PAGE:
How to make IAPT more accessible to Older People: A Compendium
James, Ian Andrew (2010) Cognitive Behavioural
Therapy with Older People: Interventions for
those with and without Dementia, Jessica
Kingsley Publishers, London
Knight, B.G. & McCallum, T.J (1998) Adapting
Psychotherapeutic practice for older clients:
Implications of the contextual, cohort-based,
maturity, specific challenge model. Professional
Psychology – Research and Practice. 29 (1),
Knight, B. G. (2004) Psychotherapy with Older
Adults, 3rd Edition. Thousand Oaks: Sage
Knight, B. G. & Laidlaw, K. (2009) Translational
Theory: A Wisdom-based Model for
Psychological Interventions to Enhance Wellbeing in Later Life, in Bengston, V., Silverstein,
M., Putney, N.M., & Gans, D. (Eds.,) Handbook
of Theories of Ageing, Second Edition. New
York: Springer.
Laidlaw, K. & McAlpine, S. (2008) Cognitive
Behaviour Therapy: How is it Different
with Older People? Journal of Rational Emotive
Cognitive-Behavioural Therapy
Laidlaw, K., Thompson, L.W., Siskin-Dick, L.
& Gallagher-Thompson, D. (2003) Cognitive
Behavioural Therapy with Older People.
Chichester: John Wiley & Sons, Ltd.
ISBN 978-0-47111-1
How to make IAPT more accessible to Older People: A Compendium
Is your IAPT Service accessible
to older people?
With permission from Steve Boddington
Aspect of service design:
Equity of Access Targets:
■■ What proportion of your services
referrals is currently over 65 years
■■ does this reflect your local
■■ on average there should be 18%
referrals over 65years but varies
Does your service undertake
ongoing publicity to attract older
adults referrals?
In general GPs are poor at recognising
common mental disorders in later life
and seldom refer older people for
psychological therapy. The 3rd sector,
acute services and OP themselves
also need to be targeted. Repeated
and persistent publicity helps to
resolve this pattern.
Existing actions that already
facilitate older people’s access:
Further actions that could be
adopted to improve your service:
How to make IAPT more accessible to Older People: A Compendium
Aspect of service design:
Modified ‘engagement/filtering’
procedures for getting into your
Older people may be reluctant to opt into
psychological services due to:
1. Being unfamiliar with ‘psychological
2. Having internalised ageist ideas
about their value/ability to change
3. Mobility/health problems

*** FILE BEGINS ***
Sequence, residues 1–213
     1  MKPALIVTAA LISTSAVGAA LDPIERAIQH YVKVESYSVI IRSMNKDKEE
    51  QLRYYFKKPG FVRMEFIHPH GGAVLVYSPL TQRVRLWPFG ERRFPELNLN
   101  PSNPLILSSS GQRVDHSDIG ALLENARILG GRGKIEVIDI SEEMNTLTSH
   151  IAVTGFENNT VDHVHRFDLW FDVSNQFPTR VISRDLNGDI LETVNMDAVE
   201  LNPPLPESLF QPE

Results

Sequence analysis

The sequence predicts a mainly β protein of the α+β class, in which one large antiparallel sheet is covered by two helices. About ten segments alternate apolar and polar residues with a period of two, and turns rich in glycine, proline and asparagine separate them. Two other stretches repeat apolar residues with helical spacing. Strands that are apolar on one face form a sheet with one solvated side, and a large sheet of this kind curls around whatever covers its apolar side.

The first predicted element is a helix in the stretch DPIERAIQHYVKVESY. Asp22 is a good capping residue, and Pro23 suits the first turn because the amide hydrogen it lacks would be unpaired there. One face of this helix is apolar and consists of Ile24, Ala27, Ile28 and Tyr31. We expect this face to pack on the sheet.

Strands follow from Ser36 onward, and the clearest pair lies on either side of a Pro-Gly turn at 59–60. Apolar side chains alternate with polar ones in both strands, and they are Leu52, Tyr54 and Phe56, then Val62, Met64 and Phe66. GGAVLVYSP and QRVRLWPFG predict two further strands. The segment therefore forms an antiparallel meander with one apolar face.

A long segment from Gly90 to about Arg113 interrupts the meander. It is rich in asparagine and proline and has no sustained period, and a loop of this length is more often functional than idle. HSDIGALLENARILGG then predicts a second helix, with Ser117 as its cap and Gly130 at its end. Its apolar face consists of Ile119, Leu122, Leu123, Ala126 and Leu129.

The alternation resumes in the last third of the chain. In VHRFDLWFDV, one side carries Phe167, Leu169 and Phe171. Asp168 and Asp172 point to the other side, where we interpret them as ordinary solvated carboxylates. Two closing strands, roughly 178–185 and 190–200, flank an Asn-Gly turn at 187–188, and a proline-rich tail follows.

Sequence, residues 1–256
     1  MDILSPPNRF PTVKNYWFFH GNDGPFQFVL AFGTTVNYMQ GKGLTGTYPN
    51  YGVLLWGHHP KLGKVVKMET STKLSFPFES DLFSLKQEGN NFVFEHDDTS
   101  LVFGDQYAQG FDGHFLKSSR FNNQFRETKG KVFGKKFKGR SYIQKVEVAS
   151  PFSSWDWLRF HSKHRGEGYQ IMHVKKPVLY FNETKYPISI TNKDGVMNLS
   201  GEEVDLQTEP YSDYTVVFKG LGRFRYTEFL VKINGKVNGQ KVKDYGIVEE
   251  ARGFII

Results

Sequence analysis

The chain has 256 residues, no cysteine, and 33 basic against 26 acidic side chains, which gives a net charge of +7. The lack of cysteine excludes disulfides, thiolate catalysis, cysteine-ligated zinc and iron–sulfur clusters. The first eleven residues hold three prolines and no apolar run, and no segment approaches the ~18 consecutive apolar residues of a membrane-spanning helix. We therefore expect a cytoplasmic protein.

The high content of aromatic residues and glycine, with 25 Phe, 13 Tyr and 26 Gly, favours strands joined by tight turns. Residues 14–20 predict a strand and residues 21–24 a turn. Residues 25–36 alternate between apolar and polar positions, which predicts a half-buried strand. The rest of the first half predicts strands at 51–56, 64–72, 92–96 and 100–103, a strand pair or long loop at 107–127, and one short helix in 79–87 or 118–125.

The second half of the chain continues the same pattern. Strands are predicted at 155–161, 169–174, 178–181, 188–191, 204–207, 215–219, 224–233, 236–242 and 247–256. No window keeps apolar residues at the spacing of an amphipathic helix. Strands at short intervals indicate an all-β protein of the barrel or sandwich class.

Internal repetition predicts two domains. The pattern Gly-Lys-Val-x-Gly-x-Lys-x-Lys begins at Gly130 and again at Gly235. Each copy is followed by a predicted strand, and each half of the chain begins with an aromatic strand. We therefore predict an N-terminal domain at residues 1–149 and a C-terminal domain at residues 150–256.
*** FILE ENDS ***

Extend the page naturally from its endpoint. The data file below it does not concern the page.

4. Higher levels of agoraphobia
Offer home visits if necessary:
■■ A small proportion of older people
will not be able to attend clinics
due to mobility problems, visual
impairments, agoraphobia, etc.
■■ Sometimes an initial home visit may
be all that is needed to break down
reticence and encourage attendance
at clinic/telephone appointments
after that
Offer help to complete IAPT
forms where necessary:
1. People may be out of practice at
form filling
2. Psychological language may be
3. There is a higher level of literacy
problems amongst older people as
educational opportunities were less
equally available 60+ years ago
4. Mild Cognitive Impairment may affect
ability to concentrate/focus.
Existing actions that already
facilitate older people’s access:
Further actions that could be
adopted to improve your service:
How to make IAPT more accessible to Older People: A Compendium
Aspect of service design:
Capacity to adjust the pace,
length, frequency of sessions
where necessary
■■ Can your therapists offer longer
or shorter appointments to
accommodate the needs of the
■■ Can appointments be scheduled
more/less frequently?
■■ Can additional sessions be offered
for patients who’s progress is slow?
Do you have a resource for
signposting to age-appropriate
e.g. Alzheimer’s Soc, sitting services,
Carer’s Centre,
Age –UK
Is this up to date?
Are your staff trained to work
with older people?
■■ Have all therapists (HI & PWP)
received the 2 day training in
applying their therapeutic skills to
older people?
■■ Do some of your staff have a
special interest in such work (with
appropriate additional training?)
Existing actions that already
facilitate older people’s access:
Further actions that could be
adopted to improve your service:
How to make IAPT more accessible to Older People: A Compendium
Aspect of service design:
Do some IAPT staff with a
special interest undertake
supervision of OP cases seen by
all IAPT staff?
■■ This ensures that older people do
not get overlooked and may be
seen by therapists with an interest/
knowledge/ skill in working with the
client group
Are there arrangements for
specialist supervision/
consultation from specialists
working with older people?
■■ Arrange this with secondary care
therapists specialising in work with
older people
Referral to vocational/
■■ These should be set up to meet the
needs of older people: opportunities
for voluntary work, engagement in
local community resources/activities.
eg – computer classes for older
Existing actions that already
facilitate older people’s access:
Further actions that could be
adopted to improve your service:
How to make IAPT more accessible to Older People: A Compendium
Aspect of service design:
Be aware of possible cognitive
limitations in older adults, and
how they impact on therapy:
■■ Develop effective links with local
memory services
How effective are the referral
pathways between your IAPT
service and the Secondary
Mental Health services for older
1. Do you know the Psychologists/
Psychological therapists who
specialise in working with older
people in your area?
2. How often do you escalate referrals
to secondary care?
3. How often does your service receive
referrals of older people with
common mental health problems
from CMHTs?
Is there an older person on your
service user group?
■■ Active involvement of older service
users will help to ensure that the
service attends to the needs of older
■■ Older service users may have
knowledge and experience of local
resources that can help IAPT to
integrate with wider network of
health and social care
Existing actions that already
facilitate older people’s access:
Further actions that could be
adopted to improve your service:
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2900821 1p 0.5k Mar 2013